Please enjoy the guest blog below, which comes to you humorously, if anonymously, from the World Cup Final in Geneva. I will be back with MMJR updates in a few days.


From some guy at the World Cup

Please stand by. Professionally trained, accomplished and knowledgeable journalists are clicking away at keyboards, downloading pictures, and analyzing outcomes. I, novice horse person, am feeding a more simple understanding of the happenings here at the FEI World Cup in Geneve (it will always be Geneva to me).

Basically, day two is done. My first journalistic faux pas, not blogging from the get go. Ooops, we were late-ish. But let me catch you up.

The venue is superb. Beautiful surroundings, cavernous indoor event centre (really, it’s a small part of this enormous trade complex, and it alone is a massive monument to human engineering, not like the billions of hand hewn stones comprising Italy’s walls, and buildings which took centuries, but big and cool nonetheless), an interesting, hard-sounding “new” riding surface (I’m sure you will hear all about it), all organized in what I am beginning to understand is typical Swiss precision. All on time, all smooth, all crisp and clean, all casual and efficient in two languages. We could learn.

The surface is handled by a small crew of capable teenage-looking volunteers, ably repositioning rails, fixing divots (golfer that I am), and replacing one of my favorite show jumping elements – the harrower. These “Piste-etts” as we have come to call them (“piste” is stenciled on the pack of their immaculate little uniforms, and I have been led to believe it means “course” – really, who knew? It’s all a huge stretch for my grammar school French skills) are quick and innocuous aides de campe.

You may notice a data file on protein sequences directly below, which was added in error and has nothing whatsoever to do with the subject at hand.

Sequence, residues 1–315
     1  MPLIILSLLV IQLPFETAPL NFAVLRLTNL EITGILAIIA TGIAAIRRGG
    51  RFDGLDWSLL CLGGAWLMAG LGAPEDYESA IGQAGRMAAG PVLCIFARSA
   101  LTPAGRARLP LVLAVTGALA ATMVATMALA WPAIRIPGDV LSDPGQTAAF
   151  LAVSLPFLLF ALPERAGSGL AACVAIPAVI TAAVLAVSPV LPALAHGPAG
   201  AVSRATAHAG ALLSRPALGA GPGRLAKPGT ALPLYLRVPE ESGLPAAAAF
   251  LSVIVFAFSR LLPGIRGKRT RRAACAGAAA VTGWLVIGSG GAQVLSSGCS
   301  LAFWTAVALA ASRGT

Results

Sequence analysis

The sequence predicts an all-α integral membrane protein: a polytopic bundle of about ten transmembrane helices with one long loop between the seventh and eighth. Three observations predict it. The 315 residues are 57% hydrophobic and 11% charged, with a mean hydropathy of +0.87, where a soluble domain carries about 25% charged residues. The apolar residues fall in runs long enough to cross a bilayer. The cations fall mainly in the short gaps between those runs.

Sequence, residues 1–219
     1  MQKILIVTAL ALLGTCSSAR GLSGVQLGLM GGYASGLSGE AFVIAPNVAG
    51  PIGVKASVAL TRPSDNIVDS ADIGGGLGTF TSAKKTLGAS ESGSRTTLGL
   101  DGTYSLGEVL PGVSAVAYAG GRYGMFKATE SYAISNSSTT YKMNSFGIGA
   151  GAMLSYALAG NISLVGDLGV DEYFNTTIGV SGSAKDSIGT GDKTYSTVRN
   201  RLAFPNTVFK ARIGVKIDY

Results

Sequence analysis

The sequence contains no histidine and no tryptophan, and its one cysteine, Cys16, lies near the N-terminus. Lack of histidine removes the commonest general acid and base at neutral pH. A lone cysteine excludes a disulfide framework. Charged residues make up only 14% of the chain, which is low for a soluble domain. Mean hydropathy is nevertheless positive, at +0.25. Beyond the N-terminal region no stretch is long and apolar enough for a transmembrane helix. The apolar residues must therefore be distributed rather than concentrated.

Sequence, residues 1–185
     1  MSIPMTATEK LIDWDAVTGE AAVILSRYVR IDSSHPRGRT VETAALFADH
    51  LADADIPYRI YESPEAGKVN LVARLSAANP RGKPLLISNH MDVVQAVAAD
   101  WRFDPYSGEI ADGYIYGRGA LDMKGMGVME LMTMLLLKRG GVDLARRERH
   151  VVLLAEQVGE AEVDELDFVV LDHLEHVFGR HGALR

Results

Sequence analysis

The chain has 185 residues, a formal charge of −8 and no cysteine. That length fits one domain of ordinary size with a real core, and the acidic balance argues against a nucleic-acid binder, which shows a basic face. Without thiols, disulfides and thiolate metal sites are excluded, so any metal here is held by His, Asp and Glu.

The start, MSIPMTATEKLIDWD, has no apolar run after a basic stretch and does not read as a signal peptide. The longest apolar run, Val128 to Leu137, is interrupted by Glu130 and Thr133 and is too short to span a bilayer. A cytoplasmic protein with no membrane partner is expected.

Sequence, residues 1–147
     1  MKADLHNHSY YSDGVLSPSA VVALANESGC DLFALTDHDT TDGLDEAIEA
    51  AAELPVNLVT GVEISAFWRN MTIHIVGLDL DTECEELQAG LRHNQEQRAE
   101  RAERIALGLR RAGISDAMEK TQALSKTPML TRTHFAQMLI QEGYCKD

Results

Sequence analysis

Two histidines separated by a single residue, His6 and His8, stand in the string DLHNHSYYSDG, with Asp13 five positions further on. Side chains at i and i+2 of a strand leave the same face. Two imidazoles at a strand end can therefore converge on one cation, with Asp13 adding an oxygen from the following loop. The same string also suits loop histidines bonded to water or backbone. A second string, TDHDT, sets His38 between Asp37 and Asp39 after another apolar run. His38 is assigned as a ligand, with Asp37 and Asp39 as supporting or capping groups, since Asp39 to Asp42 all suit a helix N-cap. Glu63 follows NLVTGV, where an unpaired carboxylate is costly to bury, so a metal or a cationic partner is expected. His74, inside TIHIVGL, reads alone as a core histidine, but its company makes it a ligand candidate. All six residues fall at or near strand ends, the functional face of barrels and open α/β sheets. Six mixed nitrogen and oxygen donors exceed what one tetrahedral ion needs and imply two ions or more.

We spoke briefly with the surface supplier – yes, I live a rich and fruitful life – they are confident it is ideal for the purpose. Might not want to ride on it every day, but footing and fairness is assured. We didn’t have time to get into the technical reasons it’s the preferred turf for this event.

The players. Well, I’ve been to local/regional events organized in Canada; attended show jumping at Toronto’s Royal Agricultural Winter Fair; sofa-surfed my way eagerly through the spectacle of Spruce Meadows.

But this in real time, real life is a palpable difference. You must come.

Yesterday at breakfast, prior to any real competition commencing, you could smell the ego, a side order of excitement and anxiety in the air. I don’t want to get personal, but it’s an interesting mélange of characters ranging from the relatively quiet to the raging maniacal. Beautiful people really, well trained, spotlessly prepared, eloquent in every stride.

Today, the reality of training and competition seems to have settled. There are fewer tall strutting riders in their stiff white breeches. The course, while in my pedestrian view, fair, has done its job and humbled a handful. Very few are out of contention, but the real players appear to have their game face on. I’m sure there will be many more ego casualties in the coming days.

I’m saddened that there is only rider one representing Canadian interests (unless of course you count Mario, youngest, one time World Cup winner, and recent defection to the American team). Karen Cudmore and Southern Pride posted a respectable mid-field result with no penalties, but about 6 seconds off the pace.